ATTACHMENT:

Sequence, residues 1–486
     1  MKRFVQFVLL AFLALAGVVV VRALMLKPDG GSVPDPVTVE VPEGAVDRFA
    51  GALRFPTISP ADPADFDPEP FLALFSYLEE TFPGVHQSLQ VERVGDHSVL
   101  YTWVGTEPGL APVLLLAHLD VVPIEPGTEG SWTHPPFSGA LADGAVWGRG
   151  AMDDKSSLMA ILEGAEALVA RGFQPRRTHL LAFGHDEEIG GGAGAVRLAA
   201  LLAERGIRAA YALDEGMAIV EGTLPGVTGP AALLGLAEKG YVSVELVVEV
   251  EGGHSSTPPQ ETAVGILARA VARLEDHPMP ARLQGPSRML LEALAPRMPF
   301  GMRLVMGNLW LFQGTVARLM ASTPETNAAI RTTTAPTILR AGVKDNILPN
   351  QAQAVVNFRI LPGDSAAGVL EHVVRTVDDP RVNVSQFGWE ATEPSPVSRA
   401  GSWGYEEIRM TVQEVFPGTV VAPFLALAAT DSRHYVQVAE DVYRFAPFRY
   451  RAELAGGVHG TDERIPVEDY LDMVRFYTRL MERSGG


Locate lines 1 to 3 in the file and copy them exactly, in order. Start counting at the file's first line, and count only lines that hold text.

Sequence, residues 1–486
     1  MKRFVQFVLL AFLALAGVVV VRALMLKPDG GSVPDPVTVE VPEGAVDRFA
    51  GALRFPTISP ADPADFDPEP FLALFSYLEE TFPGVHQSLQ VERVGDHSVL